A new study from by Juniper Research has found that e-commerce merchant losses to online payment fraud will exceed $25 billion in 2024, from just of $17 billion in 2020, despite the ongoing implementation of SCA (Secure Customer Authentication) in Europe.
The new research, Online Payment Fraud: Emerging Threats, Segment Analysis & Market Forecasts 2020-2024, found that the popularity of eCommerce and increased card-present security with the introduction of EMV, have made eCommerce payments a compelling target for fraudsters. The research highlighted that eCommerce merchants outside Europe must adopt similar measures to SCA, including two-factor authentication, or they will suffer from increasing levels of sophisticated fraud. Payment gateways will be vital to ensure that these security requirements are implemented at scale.
The new research observed that as well as implementing further payment security measures, eCommerce merchants must take on a more educational role for their users. This role will primarily be education about cybersecurity practices, common fraud methods and changes to the checkout process to improve fraud mitigation. This will be essential in China, which will account for 42 per cent of all eCommerce payment fraud in 2024.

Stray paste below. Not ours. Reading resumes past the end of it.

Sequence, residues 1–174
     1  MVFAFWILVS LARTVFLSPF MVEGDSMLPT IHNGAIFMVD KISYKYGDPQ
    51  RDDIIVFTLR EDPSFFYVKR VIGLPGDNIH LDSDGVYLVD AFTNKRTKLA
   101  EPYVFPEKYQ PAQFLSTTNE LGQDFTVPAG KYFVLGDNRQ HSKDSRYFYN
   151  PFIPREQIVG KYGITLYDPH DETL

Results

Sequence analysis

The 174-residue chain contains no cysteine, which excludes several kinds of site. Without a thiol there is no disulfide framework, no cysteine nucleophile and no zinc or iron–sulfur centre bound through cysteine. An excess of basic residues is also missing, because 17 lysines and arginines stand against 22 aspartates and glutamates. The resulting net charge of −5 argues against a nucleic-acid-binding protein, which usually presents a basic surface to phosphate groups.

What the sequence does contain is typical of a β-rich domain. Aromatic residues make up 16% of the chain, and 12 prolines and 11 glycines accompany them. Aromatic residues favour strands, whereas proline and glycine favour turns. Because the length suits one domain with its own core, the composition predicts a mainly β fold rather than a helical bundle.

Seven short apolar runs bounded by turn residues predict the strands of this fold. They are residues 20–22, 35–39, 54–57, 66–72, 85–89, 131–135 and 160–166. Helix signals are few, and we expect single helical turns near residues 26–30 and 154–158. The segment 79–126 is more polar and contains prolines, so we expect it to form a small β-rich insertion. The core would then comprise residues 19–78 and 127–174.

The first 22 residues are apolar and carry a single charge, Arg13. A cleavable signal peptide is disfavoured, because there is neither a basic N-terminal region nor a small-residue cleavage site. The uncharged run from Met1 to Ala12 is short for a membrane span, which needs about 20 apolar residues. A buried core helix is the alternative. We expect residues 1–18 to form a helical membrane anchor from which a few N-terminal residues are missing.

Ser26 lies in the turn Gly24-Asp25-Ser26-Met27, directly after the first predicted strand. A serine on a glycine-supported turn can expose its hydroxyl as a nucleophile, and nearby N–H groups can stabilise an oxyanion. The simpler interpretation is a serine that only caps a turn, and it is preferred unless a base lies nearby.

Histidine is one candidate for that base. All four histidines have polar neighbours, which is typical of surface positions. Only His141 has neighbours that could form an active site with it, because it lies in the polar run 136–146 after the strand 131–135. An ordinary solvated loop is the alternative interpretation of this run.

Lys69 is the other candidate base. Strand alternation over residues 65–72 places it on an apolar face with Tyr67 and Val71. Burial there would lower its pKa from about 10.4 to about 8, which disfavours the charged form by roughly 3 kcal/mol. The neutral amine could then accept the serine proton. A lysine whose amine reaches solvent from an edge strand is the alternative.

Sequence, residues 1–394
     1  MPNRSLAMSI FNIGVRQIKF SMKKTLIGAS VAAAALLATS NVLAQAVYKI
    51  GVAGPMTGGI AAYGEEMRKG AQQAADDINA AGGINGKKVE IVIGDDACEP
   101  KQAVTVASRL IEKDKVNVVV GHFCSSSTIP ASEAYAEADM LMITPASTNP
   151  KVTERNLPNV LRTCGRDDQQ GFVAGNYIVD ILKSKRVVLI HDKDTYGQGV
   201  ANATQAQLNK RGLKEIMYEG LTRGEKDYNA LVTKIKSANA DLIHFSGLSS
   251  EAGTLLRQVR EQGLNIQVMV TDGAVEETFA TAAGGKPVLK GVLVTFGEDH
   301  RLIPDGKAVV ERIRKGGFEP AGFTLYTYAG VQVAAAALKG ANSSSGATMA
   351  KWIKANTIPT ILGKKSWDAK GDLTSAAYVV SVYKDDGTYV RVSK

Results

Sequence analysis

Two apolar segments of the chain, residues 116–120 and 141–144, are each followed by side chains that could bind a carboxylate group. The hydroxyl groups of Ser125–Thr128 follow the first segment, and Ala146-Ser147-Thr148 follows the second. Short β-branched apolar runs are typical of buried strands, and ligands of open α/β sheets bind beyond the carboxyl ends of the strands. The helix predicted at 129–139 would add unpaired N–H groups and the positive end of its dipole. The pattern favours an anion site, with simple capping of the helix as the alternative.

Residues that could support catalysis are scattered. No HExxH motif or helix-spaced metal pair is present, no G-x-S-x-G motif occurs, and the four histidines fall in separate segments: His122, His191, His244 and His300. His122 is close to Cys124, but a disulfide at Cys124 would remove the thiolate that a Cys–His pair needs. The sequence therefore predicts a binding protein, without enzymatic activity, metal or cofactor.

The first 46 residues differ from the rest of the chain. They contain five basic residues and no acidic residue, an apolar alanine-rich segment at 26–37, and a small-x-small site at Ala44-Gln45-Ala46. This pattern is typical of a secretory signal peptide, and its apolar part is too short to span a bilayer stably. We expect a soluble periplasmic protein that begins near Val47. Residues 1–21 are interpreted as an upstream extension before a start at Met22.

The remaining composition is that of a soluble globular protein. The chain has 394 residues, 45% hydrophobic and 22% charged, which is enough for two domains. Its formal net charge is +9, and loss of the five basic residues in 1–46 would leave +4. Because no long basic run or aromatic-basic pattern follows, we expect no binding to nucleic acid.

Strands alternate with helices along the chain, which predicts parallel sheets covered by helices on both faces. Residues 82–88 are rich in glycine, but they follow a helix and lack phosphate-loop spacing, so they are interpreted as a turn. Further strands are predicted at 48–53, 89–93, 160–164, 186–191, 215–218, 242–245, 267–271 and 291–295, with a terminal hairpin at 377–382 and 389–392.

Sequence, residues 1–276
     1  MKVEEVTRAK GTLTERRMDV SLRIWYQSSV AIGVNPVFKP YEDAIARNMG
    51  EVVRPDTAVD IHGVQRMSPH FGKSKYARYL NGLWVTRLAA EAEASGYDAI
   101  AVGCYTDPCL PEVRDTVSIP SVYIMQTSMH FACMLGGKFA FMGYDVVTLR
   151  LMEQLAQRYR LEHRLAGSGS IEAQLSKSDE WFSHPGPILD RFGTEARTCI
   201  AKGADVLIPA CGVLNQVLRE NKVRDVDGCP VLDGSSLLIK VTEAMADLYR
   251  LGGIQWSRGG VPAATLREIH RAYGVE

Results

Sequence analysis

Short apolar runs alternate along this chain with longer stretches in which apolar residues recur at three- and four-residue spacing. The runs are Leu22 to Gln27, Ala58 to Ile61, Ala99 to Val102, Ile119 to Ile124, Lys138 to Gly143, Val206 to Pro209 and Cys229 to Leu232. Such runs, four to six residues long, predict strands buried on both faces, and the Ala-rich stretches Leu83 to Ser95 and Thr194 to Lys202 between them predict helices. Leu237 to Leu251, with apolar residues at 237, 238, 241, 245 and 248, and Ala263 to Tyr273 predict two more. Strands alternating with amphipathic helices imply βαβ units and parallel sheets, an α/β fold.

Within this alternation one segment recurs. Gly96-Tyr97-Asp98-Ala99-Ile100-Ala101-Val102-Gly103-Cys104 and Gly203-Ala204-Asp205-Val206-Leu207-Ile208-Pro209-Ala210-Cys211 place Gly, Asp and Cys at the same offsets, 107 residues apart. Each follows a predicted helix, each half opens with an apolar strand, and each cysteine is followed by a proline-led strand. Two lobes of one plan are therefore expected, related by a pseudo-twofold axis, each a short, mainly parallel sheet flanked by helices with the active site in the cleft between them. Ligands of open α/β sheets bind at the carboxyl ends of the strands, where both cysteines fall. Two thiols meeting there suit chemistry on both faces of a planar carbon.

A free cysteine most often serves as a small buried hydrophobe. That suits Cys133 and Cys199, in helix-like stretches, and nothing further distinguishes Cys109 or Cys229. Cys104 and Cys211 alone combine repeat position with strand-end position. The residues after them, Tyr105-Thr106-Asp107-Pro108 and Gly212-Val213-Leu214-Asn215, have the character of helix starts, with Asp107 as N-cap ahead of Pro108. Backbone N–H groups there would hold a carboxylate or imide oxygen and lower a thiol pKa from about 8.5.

Research co-author Nick Maynard explained: “The explosion of eCommerce means that fraudsters have evolved their tactics, and so merchants must also evolve. eCommerce merchants must educate their users in anti-fraud best practice, as the human element is consistently the most vulnerable to exploitation in the online payments ecosystem”.
The research also identified that while additional security measures, including two-factor authentication, must become more widespread, merchants must be careful when implementing these changes. Increased friction in the checkout experience must be minimised, or merchants will face increased cart abandonment rates. Juniper Research recommends that security vendors work with merchants to build security measures into shopping apps that ensure a low-friction user journey, whilst encompassing increased authentication requirements.